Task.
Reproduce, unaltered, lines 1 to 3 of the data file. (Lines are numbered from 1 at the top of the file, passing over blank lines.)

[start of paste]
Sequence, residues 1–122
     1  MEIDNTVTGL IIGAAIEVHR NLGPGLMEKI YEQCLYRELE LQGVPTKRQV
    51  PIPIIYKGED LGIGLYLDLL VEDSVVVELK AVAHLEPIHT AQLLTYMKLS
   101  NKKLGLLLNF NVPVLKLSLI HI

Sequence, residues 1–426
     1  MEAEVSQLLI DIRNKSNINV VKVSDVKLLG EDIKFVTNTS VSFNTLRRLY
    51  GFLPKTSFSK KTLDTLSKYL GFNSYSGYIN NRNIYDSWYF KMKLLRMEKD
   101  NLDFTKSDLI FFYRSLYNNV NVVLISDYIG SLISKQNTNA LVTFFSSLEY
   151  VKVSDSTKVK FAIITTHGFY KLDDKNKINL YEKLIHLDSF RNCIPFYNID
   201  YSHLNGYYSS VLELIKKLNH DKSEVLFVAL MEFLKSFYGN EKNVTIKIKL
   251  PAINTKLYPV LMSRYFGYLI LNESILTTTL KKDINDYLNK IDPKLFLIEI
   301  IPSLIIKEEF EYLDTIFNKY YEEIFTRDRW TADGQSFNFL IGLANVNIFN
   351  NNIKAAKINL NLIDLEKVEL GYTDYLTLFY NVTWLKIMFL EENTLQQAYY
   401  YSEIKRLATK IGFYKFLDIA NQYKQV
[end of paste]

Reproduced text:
Sequence, residues 1–122
     1  MEIDNTVTGL IIGAAIEVHR NLGPGLMEKI YEQCLYRELE LQGVPTKRQV
    51  PIPIIYKGED LGIGLYLDLL VEDSVVVELK AVAHLEPIHT AQLLTYMKLS